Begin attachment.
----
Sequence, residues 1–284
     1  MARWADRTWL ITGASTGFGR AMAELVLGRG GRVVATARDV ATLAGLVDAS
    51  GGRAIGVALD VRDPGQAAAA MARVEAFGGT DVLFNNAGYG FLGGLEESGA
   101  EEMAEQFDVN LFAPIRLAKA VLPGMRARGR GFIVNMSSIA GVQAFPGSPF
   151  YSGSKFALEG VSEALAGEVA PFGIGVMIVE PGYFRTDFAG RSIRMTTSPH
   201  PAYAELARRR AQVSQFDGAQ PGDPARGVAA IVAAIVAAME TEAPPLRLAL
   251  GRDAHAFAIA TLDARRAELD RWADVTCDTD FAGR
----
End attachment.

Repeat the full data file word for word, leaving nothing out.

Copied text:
Sequence, residues 1–284
     1  MARWADRTWL ITGASTGFGR AMAELVLGRG GRVVATARDV ATLAGLVDAS
    51  GGRAIGVALD VRDPGQAAAA MARVEAFGGT DVLFNNAGYG FLGGLEESGA
   101  EEMAEQFDVN LFAPIRLAKA VLPGMRARGR GFIVNMSSIA GVQAFPGSPF
   151  YSGSKFALEG VSEALAGEVA PFGIGVMIVE PGYFRTDFAG RSIRMTTSPH
   201  PAYAELARRR AQVSQFDGAQ PGDPARGVAA IVAAIVAAME TEAPPLRLAL
   251  GRDAHAFAIA TLDARRAELD RWADVTCDTD FAGR